But it was in the Artifact Room, completed in 2018 by Oak Alley, that I came face to face with the raw human side of the plantation, and stark evidence of the real disparity between the lives of the slaves and the lives of the privileged plantation owners.
Upon entering the room, one’s eyes are naturally drawn to the various monogrammed silver and other artifacts displayed in illuminated cases around the walls. But in short order, my eyes fell upon the glass pedestal box in the center of the room. Inside the box are two items, very different in nature and meaning. One is an engraved metal wedding plate that was used to create wedding invitations for Henri Roman, the son of Jacques and Celina. The other is a slave’s metal shackle with a rattle, used to announce the presence of a slave to all within earshot. Plantation owners and their family could marry; slaves could not. It is a sobering gut-check to the typical tales of gorgeous opulence that a plantation mansion portrays.
During the tour you will also hear about Andrew and Josephine Stewart, who purchased the run-down Oak Alley in 1925. They completed extensive restorations, converting the plantation into a cattle ranch and then reintroduced sugar cane to the fields in the 1960s. Josephine died on Oct. 3, 1972 at 7:30 a.m., leaving the plantation to the Oak Alley Foundation, preserving its history forever. Look at the clocks in the mansion – they are all stopped at 7:30 a.m. in her honor.
Of course, every tour of Oak Alley takes visitors out onto the second-floor balcony where the views of the oak-lined alley are superb and a must-take photo opportunity (in fact, the only place you’re are allowed to take photos while on a tour. Photos inside and FROM the inside are prohibited – we had special permission). But don’t miss wandering around the entire balcony to catch views of the property in all directions.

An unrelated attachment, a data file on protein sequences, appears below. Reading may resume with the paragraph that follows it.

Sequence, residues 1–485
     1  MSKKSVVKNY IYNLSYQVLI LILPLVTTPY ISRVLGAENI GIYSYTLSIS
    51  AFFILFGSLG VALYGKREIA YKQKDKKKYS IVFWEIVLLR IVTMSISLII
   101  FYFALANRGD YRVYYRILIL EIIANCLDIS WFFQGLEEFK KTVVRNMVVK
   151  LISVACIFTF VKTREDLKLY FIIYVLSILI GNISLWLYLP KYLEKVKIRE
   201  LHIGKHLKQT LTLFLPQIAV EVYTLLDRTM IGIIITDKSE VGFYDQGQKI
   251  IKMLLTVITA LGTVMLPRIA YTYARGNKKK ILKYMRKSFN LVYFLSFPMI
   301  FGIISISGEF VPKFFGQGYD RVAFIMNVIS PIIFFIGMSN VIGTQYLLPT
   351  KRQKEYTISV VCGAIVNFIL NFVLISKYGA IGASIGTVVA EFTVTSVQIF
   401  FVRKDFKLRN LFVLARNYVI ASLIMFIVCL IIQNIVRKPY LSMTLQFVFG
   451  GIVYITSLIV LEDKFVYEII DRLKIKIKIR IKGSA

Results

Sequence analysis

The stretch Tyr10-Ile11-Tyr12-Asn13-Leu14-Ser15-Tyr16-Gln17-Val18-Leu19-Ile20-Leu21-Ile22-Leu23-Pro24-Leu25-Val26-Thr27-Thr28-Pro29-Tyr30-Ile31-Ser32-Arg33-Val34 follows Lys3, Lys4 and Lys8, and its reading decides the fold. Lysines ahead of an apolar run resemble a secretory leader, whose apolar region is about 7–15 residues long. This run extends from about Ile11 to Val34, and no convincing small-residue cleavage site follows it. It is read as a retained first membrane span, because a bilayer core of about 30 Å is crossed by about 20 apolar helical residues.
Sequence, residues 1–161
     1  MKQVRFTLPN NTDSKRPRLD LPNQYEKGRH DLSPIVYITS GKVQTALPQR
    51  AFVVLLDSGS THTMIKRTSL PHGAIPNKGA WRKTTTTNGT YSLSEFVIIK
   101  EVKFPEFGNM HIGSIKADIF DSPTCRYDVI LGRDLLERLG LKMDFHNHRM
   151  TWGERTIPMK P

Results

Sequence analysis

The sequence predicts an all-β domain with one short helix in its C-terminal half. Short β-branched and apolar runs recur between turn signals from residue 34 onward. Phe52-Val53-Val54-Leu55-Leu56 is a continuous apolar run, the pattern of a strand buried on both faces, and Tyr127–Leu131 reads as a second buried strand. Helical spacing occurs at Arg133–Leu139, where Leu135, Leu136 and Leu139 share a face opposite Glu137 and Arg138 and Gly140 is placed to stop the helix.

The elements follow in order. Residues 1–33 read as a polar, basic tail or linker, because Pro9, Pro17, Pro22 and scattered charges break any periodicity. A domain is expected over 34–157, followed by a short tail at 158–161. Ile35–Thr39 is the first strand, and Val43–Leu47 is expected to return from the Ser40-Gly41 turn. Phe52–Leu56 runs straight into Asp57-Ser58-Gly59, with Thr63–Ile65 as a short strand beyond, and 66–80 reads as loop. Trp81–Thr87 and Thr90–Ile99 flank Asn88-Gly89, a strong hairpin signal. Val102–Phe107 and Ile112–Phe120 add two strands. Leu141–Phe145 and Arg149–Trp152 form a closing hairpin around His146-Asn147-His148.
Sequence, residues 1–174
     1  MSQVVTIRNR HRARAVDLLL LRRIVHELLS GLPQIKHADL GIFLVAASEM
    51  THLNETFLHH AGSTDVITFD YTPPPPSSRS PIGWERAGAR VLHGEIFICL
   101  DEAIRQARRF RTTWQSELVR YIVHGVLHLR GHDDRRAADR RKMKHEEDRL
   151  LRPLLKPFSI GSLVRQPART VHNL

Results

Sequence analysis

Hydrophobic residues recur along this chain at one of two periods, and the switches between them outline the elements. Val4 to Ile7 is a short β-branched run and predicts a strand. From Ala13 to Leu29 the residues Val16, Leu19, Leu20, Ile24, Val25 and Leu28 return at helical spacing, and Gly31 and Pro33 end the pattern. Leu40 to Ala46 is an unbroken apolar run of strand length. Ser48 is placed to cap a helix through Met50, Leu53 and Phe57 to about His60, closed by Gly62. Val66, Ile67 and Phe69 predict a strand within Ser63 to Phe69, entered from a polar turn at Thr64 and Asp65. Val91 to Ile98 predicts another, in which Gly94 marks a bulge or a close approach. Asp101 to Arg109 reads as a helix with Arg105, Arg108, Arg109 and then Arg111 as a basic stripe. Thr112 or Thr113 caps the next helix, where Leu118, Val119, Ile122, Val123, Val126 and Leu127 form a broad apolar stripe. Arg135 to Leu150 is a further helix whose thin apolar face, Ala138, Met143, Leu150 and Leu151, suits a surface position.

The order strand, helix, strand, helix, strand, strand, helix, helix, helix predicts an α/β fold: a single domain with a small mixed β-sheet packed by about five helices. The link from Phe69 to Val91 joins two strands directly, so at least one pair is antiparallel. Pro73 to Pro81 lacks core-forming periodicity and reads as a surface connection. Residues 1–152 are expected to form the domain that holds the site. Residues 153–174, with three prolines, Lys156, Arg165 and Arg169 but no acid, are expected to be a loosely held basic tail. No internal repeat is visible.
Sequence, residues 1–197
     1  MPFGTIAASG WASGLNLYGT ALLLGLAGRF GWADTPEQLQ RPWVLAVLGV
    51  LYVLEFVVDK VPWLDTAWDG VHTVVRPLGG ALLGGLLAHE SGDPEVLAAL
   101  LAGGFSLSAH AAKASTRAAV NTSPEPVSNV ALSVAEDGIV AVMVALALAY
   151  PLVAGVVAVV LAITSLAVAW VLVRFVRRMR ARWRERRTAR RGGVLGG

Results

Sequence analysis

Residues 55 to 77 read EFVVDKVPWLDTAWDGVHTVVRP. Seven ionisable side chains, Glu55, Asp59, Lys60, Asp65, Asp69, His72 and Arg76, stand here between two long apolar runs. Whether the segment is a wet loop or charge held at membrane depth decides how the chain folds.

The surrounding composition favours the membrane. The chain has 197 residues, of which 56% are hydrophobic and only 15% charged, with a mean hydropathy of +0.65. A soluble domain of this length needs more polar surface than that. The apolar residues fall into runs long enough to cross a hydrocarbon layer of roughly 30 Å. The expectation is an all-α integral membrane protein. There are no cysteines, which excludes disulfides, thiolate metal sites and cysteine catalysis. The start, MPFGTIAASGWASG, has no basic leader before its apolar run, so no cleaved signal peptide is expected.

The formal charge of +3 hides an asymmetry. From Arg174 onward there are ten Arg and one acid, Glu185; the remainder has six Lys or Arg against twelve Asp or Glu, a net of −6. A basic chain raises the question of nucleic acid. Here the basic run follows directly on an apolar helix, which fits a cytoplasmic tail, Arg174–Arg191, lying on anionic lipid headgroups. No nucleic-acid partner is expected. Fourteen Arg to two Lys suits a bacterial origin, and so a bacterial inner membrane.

Dining at Oak Alley
Dining is a bit more limited than, say, at Houmas House, even for overnight guests. We did have a quick bite at the Oak Alley Restaurant, which is open from 8:30 a.m. to 3 p.m. for breakfast and lunch. The food is basic, but very good – think fried catfish, red beans and rice with smoked sausage, fried green tomato BLT, salads, sandwiches, and a dash of kid-friendly food, too.
We did not try the evening option, which is offered to overnight guests, but it looks to be very good. Knowing that the nearest restaurant is at least a 20-minute drive from Oak Alley, the chef will prepare a dinner (you have to order it the day before) and have it delivered to your cottage. All you have to do from there is reheat it and enjoy – and the cottages have very nice, fully equipped kitchens.
Staying in the plantation at Oak Alley
I would absolutely recommend spending the night here if you have the opportunity. It is very central and a good base from which to visit other plantations (even if dining options are a bit limited), and the cottages are very well appointed.
We stayed in Cottage 9 which featured a king-size bed and an adjacent sitting room with an electric fireplace. Naturally, there is good Wi-Fi and, since this is plantation country, a lovely screened front porch for sipping mint juleps without annoying bugs – too bad we only had time to spend one (short) night!!!
One of the greatest advantages of staying overnight? Guests have free rein to wander the grounds at night, which I can attest, is so very peaceful. Plus, for a night at least, you can pretend you are reliving an unwritten chapter in the plantation’s rich history.